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I was wrong about the internet


(The following is an excerpt from a speech by Rupert Murdoch posted on the Sail-World website.)

We need to realize that the next generation of people accessing news and information, whether from newspapers or any other source, have a different set of expectations about the kind of news they will get, including when and how they will get it, where they will get it from, and who they will get it from. Anyone who doubts this should read a recent report by the Carnegie Corporation about young peoples changing habits of news consumption and what they mean for the future of the news industry.

According to this report, and I quote, There's a dramatic revolution taking place in the news business today, and it isn't about TV anchor changes, scandals at storied newspapers or embedded reporters. The future course of news, says the study's author, Merrill Brown, is being altered by technology-savvy young people no longer wedded to traditional news outlets or even accessing news in traditional ways. Instead, as the study illustrates, consumers between the ages of 18-34 are increasingly using the web as their medium of choice for news consumption.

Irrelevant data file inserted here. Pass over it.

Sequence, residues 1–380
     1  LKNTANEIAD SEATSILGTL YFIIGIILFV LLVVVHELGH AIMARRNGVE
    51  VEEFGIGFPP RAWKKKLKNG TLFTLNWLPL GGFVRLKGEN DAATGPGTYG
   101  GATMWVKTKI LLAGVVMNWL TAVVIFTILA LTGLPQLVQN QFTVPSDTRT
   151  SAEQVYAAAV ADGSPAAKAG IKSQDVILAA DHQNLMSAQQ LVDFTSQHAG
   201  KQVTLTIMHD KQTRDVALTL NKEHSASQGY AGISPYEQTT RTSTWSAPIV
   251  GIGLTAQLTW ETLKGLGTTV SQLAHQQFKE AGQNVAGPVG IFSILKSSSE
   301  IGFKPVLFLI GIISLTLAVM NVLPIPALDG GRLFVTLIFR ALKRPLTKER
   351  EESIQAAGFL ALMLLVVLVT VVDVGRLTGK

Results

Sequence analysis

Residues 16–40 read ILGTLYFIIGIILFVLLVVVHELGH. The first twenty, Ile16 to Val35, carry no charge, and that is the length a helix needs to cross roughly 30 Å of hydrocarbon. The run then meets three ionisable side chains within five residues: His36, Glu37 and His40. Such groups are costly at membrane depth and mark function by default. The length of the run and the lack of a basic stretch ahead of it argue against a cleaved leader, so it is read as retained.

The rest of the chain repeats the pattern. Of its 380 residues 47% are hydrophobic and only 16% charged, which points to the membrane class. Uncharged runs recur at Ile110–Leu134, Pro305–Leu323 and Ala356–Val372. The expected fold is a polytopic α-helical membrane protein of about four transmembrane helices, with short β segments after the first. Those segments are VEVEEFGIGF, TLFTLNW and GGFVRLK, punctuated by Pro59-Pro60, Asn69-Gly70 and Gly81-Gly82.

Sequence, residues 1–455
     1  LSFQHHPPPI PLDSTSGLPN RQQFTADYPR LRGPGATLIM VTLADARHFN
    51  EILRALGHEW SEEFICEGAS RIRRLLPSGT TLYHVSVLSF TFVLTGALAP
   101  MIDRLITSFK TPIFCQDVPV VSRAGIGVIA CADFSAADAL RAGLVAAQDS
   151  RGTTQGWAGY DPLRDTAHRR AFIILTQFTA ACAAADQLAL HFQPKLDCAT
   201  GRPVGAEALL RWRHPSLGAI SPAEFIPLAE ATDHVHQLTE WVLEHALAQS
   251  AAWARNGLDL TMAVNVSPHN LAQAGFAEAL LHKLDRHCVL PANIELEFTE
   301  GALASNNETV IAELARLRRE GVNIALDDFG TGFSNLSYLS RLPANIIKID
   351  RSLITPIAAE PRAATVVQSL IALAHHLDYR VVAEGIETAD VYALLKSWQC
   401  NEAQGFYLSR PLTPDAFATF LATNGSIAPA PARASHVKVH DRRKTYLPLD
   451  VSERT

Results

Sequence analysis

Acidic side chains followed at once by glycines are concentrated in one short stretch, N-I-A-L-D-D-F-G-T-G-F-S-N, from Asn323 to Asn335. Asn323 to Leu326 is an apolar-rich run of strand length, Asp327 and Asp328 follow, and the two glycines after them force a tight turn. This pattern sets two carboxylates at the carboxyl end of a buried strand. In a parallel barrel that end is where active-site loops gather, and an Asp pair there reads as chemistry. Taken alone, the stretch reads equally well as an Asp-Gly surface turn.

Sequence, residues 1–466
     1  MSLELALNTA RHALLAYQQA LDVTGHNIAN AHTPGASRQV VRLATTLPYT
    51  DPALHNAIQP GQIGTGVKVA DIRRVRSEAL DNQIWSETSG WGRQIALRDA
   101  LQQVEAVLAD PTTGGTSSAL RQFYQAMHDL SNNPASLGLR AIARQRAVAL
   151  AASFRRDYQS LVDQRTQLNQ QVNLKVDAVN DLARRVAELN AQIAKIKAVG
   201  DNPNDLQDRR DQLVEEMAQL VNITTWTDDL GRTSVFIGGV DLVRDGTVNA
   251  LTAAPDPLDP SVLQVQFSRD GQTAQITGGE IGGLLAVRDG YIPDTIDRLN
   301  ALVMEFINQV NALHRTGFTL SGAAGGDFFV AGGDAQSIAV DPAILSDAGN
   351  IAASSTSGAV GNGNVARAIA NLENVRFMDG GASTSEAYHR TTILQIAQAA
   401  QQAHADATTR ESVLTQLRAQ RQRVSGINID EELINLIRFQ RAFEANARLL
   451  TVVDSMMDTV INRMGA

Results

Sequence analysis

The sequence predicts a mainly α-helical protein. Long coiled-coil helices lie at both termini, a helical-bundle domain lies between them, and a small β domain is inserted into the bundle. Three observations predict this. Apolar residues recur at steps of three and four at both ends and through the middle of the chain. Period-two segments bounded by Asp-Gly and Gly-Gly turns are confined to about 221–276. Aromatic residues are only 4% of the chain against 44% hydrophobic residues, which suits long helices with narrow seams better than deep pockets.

The full text is posted on the Sail-World website



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I agree completely with Mr Murdoch's opening paragraph. A little beyond his point but, I think very important is the acceptance of accuracy, or lack thereof. The web has become the greatest source of information and at the same time the greatest source of missinformation! Traditional news sources must pass at least some editor scrutiny but anyone can write anything on the web at any time with total impunity.5/18/2005 7:19:36 AM
Ken Pepke
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